But Dot herself has said her awkwardly naïve lyrics are barely cries for help. In an interview with Rolling Stone, she said she had "always respected our parents" and that "there were a lot of kids who didn't respect their parents and gave them a hard time so I was probably trying to get a message across to them." So if there really weren't any hidden tragic pleas to save them from the terrors of an authoritarian father, what's left to like about the Shaggs?
The music, I guess. But really? Strip away their story and it's hard to figure out if the music holds up on its own. In saying that, there are people in this world who genuinely enjoy listening to Metal Machine Music, and Philosophy of the World is a lot easier to understand than that monstrosity. There is, definitely, an unintentional experimental quality to the Shaggs, one that's been compared to the free jazz compositions of Ornette Coleman, and it's not like the sisters didn't know what they were doing, contrary to popular belief.
It's called being an accidental genius. They obviously weren't trying to make proto-punk songs—they were trying to make traditional pop songs, but without the knowledge or skill to emulate that, all they could do was make sure they could follow a carefully fixed and laboured arrangement. Pianist, vibraphonist, and member of the Dot Wiggins Band, Brittany Anjou, has said the Shaggs' melodies "break down to pentatonic scales, then they'll go off the rails onto the ninth or the fourth. They would use the same key five ingredients and notes, but they'd completely fuck the order of it." Again, accidental genius, and that's a whole other charm of the Shaggs in itself.
Although what ultimately convinced me to convert to the pro-Shaggs side was something else: their ability to retain childish innocence in their discord. The Wiggin sisters were still very young when they were pulled out of school and whipped into a band by their father, and their songs reveal just how wholesome they still were, how unready for this world of music they had been thrown into. In "Philosophy of the World," they sing about how "you can never please anybody in this world," a rather cynical sentiment first off, but covered in messy instrumentation that actually feels… warm.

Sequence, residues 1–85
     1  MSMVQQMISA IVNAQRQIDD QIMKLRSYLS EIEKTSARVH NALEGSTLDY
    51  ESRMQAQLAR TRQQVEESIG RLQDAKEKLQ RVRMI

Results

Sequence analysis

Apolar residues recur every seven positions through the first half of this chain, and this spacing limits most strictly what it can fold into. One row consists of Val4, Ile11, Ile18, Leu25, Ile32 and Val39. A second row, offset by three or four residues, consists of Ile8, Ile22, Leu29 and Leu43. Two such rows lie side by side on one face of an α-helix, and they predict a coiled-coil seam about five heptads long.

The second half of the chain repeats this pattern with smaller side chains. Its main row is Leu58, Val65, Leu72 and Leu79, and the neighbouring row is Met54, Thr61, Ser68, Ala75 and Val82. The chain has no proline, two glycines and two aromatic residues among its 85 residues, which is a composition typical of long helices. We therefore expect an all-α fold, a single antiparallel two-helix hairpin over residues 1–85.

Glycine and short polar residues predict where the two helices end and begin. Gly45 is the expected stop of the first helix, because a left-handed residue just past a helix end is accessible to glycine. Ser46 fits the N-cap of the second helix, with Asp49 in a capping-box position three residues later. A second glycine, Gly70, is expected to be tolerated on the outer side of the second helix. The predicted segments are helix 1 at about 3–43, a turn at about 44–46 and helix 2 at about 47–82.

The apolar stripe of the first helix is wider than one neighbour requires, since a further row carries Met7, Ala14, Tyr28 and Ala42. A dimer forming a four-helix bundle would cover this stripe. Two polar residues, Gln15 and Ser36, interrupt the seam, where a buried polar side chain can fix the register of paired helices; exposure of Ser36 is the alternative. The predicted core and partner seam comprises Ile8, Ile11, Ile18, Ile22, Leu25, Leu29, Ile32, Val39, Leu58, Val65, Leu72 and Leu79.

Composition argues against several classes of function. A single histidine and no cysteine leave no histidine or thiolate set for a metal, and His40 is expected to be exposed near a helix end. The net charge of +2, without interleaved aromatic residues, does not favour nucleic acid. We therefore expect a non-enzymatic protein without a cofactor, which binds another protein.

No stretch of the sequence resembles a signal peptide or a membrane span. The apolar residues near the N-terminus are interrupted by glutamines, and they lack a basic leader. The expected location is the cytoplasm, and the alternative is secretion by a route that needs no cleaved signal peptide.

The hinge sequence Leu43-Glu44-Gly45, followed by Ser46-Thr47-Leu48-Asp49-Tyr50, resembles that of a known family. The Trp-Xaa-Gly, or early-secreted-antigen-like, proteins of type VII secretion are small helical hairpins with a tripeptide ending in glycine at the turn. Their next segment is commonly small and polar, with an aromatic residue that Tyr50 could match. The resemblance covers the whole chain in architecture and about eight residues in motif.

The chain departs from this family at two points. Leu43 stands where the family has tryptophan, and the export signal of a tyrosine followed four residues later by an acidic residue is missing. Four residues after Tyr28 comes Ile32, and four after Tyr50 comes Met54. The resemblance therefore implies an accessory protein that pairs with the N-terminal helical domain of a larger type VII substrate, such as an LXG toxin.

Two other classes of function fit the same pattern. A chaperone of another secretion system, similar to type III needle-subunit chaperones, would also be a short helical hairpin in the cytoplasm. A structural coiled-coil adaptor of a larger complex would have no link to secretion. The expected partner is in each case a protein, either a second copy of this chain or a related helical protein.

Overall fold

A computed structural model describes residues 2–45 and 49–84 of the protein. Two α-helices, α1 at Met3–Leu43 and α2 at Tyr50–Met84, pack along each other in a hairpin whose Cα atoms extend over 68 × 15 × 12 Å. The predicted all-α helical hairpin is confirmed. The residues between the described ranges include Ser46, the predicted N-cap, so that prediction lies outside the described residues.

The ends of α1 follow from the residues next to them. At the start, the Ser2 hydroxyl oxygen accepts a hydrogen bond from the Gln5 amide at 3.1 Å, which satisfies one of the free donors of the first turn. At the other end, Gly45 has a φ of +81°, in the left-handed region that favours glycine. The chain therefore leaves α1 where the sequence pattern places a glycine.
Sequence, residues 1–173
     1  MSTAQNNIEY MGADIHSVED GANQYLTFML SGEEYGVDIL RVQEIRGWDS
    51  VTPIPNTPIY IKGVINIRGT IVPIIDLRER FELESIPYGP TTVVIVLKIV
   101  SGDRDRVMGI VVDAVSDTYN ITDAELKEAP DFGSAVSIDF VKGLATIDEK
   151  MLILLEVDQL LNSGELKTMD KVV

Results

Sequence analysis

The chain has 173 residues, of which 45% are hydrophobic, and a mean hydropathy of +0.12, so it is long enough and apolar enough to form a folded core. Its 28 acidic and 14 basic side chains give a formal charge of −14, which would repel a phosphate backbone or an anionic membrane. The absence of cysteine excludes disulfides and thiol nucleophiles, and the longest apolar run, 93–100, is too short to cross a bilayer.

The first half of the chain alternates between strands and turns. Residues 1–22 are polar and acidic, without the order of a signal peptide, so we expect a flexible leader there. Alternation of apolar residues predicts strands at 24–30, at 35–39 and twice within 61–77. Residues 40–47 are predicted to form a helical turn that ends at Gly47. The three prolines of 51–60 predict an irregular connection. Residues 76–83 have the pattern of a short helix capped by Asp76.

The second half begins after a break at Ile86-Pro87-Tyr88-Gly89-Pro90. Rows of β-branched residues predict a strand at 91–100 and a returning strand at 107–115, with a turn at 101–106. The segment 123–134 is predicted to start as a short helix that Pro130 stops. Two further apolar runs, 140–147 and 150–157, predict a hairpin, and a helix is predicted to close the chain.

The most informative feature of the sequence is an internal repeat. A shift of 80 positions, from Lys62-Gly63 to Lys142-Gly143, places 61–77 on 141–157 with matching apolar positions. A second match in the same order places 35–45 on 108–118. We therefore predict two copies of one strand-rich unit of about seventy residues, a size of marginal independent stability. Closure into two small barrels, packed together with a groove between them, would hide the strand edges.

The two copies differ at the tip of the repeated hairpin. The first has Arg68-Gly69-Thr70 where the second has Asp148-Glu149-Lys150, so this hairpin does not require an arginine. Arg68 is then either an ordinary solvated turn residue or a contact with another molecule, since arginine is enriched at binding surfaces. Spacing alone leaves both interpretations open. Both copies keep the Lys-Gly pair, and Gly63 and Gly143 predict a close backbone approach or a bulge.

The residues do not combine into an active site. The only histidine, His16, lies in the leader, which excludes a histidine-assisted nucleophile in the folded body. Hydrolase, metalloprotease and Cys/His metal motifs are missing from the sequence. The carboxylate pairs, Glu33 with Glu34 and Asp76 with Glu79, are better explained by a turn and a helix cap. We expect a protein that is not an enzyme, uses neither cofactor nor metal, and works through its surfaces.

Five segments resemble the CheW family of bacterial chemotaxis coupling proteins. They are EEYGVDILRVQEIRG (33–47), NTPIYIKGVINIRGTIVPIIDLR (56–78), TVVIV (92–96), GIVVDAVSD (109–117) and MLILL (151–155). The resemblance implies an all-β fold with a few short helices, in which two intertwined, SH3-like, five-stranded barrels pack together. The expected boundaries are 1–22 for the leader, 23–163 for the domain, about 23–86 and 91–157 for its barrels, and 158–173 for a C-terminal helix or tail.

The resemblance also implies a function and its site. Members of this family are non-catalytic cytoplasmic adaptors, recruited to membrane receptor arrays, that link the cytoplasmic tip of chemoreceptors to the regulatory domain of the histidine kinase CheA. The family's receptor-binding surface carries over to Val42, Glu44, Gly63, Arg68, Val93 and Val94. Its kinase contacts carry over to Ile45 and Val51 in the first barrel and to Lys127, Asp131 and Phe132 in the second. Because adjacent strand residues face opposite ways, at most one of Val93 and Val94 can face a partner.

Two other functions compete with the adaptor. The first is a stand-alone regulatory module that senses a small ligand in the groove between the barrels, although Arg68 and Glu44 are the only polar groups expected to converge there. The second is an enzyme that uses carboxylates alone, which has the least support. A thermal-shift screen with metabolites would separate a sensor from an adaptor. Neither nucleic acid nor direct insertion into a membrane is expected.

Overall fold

In the album liner notes, Austin Wiggin talks about the band's unique approach to music and the poetic reasoning behind their off-key confusion. For Austin, the irrational drum fills paired with bizarre, emotionless vocals were less grating and more romantic: "Their music is different, it is theirs alone. They believe in it, live it. It is a part of them and they are a part of it. Of all contemporary acts in the world today, perhaps only the Shaggs do what others would like to do, and that is perform only what they believe in, what they feel." I hate to say it, but he's kinda right.
They're definitely haunting—they're too unnatural not to be—but mostly, they're incredibly innocent, and we know that from both their story and their sound. Sure, Helen may be pummelling those drums for no reason at all, and Betty and Dot may be playing a guitar line that staggers and stops, but there's a desire to be better, to actually be liked by the kids at the local high school who would throw soda cans at them when they played in concert. They wanted to be Herman's Hermits, but they couldn't. Instead, they produced what sounded like dilapidated nursery rhymes, fables with overriding messages, and odd Christian songs, because that was all that they knew.
The Shaggs aren't the best band of all time, the best bands are purposeful and thoughtful about what they construct. But they're worth listening to, for their unintentional duality: chaos and calm, and mess and beauty. It's strange—the only person I've seen accurately describe how I feel about them is their father: "You should appreciate this because you know they are pure. What more can you ask?"
Images: Geoffrey Weiss/Light in the Attic press center